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great issues Essay

  • Submitted by: buckley51
  • on December 9, 2008
  • Category: History
  • Length: 1,381 words

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Below is an essay on "great issues" from Anti Essays, your source for research papers, essays, and term paper examples.

Part III Document 6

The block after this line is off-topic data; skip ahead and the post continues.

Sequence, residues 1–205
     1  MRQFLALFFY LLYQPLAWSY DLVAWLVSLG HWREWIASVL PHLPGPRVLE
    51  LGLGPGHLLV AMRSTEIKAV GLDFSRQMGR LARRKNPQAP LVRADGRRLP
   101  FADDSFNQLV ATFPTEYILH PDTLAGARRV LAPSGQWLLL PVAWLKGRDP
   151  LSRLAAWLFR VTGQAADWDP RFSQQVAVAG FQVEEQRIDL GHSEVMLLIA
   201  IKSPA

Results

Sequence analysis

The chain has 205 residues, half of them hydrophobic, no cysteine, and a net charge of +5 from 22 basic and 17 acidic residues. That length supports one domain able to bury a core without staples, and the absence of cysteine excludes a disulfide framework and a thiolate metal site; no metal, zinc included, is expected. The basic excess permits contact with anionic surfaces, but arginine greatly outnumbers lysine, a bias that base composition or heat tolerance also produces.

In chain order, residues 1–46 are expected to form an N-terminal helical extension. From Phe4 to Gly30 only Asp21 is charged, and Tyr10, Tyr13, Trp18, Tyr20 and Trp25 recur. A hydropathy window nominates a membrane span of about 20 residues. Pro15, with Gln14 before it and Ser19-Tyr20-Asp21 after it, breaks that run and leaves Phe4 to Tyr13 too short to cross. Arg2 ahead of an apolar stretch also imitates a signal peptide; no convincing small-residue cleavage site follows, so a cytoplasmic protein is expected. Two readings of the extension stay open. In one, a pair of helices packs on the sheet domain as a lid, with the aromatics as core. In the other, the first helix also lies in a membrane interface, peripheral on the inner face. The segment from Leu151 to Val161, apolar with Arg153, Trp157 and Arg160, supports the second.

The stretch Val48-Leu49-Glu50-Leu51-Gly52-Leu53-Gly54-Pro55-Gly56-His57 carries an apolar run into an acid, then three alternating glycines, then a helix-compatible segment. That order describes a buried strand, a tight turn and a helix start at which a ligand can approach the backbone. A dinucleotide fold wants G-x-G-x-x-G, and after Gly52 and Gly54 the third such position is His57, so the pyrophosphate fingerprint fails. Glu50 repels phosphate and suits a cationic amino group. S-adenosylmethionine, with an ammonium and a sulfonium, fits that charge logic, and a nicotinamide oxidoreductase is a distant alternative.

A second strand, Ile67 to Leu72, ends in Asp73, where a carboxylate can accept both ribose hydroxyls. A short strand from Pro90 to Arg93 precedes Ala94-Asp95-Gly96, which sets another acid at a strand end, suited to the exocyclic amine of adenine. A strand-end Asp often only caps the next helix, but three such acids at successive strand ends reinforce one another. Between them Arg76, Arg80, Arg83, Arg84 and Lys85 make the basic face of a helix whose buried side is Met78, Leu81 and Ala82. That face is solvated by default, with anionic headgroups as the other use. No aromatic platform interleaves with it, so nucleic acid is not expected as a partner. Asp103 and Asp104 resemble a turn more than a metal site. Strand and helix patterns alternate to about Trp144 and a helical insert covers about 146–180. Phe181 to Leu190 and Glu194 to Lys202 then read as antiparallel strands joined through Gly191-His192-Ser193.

The idea of the party first the country second was a prominent one. In the reading parties such as the republicans and federalists would just argue not because the other side’s views were bad for the country but because their animosity towards one another prevented them from working together. When Hamilton proposed his ideas for the economy such as a national bank Madison and others would right away attack the idea, even though the idea was a brilliant one. After returning from France, Jefferson served as the first Secretary of State under George Washington (1789–1793). Jefferson and Alexander Hamilton began sparring over national fiscal policy, especially the funding of the debts of the war, with Hamilton believing that the debts should be equally shared, and Jefferson believing that each state should be responsible for its own debt (Virginia had not accumulated much debt during the Revolution). In further sparring with the Federalists, Jefferson came to equate Hamilton and the rest of the Federalists with Tories and monarchists who threatened to undermine republicanism. With the Quasi-War, an undeclared naval war with France, underway, the Federalists under John Adams started a navy, built up the army, levied new taxes, readied for war, and enacted the Alien and Sedition Acts in 1798. Jefferson interpreted the Alien and Sedition Acts as an attack on his party more than on dangerous enemy aliens; they were used to attack his party, with the most notable attacks coming from Matthew Lyon, congressman of Vermont. He and Madison rallied support by anonymously writing the Kentucky and Virginia Resolutions, which declared that the federal government had no right to exercise powers not specifically delegated to it by the states. The Resolutions meant that, should the federal government assume such powers, its acts under them could be voided by a state. The Resolutions presented the first statements of the states' rights theory, that later led to...

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